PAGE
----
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Drake’s Bay Oyster Farm Gets Reprieve from Point Reyes Eviction

| February 25, 2013
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A federal judge is allowing Drake’s Bay Oyster Company to stay at Point Reyes National Seashore while it fights an eviction order in court, according to lawyers representing the farm.

Drakes Bay Oyster Co. workers harvest strings of oysters on Schooner Bay near Point Reyes. (Justin Sullivan/Getty Images)

Drakes Bay Oyster Co. workers harvest strings of oysters on Schooner Bay near Point Reyes. (Justin Sullivan/Getty Images)

U.S. Interior Secretary Ken Salazar announced in November that the federal government would not renew the farm’s lease at the national park.

The farm’s 40-year lease was originally negotiated with the Johnson Oyster Co. in 1972 and taken on by Drakes Bay in 2004 with the full knowledge that it would expire eight years later.

Facing a March 1 deadline to vacate the park, owner Kevin Lunny filed a lawsuit in U.S. District Court.

Lunny lost that round, and brought his case to the Ninth Circuit Court of Appeals.

The new ruling allows the farm to stay until its appeal is heard. The court said it would schedule a hearing for the week of May 13-17.

“We are beyond thrilled that our business will now remain open while we continue to fight the decisions from the court and Secretary Salazar that have put our business at risk,” said Lunny in a written statement. “Our fight is, and will continue to be, about the great service Drakes Bay Oyster Farm provides to the community as an innovative sustainable farm, an educational resource, and part of the economic fiber of Marin County.”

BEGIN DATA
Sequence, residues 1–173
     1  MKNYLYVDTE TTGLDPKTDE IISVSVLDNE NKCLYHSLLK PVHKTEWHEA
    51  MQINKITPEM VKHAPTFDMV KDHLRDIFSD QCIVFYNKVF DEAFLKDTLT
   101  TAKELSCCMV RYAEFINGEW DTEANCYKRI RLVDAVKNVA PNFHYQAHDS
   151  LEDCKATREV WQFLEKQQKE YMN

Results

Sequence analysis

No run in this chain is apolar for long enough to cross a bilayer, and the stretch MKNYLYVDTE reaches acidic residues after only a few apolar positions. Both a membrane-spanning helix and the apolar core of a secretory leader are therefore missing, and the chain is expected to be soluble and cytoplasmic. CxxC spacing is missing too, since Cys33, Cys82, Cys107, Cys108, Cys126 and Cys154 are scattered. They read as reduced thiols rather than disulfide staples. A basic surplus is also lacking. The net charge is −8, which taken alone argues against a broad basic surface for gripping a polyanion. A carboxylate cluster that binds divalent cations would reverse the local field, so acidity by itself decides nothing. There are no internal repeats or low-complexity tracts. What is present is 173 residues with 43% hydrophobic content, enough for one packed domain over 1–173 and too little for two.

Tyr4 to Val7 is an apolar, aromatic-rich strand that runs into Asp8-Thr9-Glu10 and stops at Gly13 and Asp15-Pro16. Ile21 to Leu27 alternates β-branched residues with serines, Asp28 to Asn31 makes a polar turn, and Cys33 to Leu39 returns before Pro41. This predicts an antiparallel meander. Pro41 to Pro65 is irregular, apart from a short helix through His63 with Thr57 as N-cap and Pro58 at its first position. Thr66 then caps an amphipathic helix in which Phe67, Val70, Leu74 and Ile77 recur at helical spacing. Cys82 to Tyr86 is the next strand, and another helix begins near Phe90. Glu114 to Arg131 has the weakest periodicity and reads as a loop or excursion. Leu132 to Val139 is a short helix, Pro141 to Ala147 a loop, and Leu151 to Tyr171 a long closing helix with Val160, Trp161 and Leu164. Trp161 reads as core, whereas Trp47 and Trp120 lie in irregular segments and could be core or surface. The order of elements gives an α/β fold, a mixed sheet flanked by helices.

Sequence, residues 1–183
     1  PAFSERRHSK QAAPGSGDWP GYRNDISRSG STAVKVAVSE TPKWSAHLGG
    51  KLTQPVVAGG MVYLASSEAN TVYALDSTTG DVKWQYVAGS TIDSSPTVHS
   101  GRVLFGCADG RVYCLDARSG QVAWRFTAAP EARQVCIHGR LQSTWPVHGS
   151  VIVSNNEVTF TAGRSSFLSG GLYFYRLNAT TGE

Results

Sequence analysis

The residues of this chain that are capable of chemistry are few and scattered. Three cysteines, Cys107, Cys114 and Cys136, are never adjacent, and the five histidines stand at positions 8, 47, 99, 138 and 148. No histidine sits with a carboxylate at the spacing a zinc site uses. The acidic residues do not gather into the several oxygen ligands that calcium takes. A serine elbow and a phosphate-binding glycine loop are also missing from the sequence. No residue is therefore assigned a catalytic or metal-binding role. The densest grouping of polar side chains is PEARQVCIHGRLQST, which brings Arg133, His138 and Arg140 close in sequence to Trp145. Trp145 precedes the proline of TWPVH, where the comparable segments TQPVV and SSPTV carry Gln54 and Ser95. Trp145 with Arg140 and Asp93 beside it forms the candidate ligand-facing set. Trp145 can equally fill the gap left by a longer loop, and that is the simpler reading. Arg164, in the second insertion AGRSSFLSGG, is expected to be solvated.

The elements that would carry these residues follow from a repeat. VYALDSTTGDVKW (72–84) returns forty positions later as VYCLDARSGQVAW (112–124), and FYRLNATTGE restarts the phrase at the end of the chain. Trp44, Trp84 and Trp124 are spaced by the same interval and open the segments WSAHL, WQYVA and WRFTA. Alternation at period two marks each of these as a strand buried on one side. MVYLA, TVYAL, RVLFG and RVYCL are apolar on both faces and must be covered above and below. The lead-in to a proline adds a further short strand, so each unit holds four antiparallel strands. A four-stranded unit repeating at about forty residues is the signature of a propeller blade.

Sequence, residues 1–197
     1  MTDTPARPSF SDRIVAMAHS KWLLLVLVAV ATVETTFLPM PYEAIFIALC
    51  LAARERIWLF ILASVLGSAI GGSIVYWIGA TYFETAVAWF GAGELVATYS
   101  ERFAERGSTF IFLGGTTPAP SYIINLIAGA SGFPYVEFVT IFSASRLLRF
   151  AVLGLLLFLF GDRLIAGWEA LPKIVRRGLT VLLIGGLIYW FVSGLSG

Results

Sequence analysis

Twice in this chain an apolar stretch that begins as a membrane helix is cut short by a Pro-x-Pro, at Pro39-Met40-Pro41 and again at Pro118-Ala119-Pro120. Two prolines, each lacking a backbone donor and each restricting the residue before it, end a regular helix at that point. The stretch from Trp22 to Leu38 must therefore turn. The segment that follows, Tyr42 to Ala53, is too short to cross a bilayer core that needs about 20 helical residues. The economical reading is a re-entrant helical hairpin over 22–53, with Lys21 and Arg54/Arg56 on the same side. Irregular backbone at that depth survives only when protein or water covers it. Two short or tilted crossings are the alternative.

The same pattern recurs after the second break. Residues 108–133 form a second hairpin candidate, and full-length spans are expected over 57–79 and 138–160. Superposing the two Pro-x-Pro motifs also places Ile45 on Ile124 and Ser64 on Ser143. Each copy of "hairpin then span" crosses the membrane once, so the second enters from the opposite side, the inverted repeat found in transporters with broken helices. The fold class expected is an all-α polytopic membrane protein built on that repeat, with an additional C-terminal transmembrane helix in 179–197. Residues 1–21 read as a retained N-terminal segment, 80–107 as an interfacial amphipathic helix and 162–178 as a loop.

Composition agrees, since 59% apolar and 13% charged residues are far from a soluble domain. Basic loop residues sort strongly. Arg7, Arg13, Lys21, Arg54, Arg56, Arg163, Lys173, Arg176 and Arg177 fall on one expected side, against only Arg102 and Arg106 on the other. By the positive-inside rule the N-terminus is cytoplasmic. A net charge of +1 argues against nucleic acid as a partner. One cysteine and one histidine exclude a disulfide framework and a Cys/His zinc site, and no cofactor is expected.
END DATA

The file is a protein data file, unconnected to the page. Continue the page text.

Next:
Lunny is represented by Cause of Action, a public interest law firm based in Washington D.C., which posted the judge’s ruling.

The Interior Department could not be reached for comment on the ruling, but has declined to comment on the litigation in the past.

In explaining the reason for the ruling, the court said, “Appelants’ emergency motion for an injunction pending appeal is granted, because there are serious legal questions and the balance of hardships tips sharply in appelants’ favor.”

Neal Desai, pacific region associate director of the National Parks Conservation Association, wants to see the oyster farm leave the park.

“We are confident the District Court got it right when it decided that the Interior Secretary had full discretion to let the lease expire and that the oyster company was unlikely to win its lawsuit,” he said in a statement.

“The 9th Circuit Court’s decision today unfortunately delays by two months the ability for Americans to enjoy their national park wilderness.”

Here’s some background on the case from the Associated Press:

Environmentalists and the National Park Service said the farm’s operations threatened nearby harbor seals and other native species. The area is a key pupping site for the seals.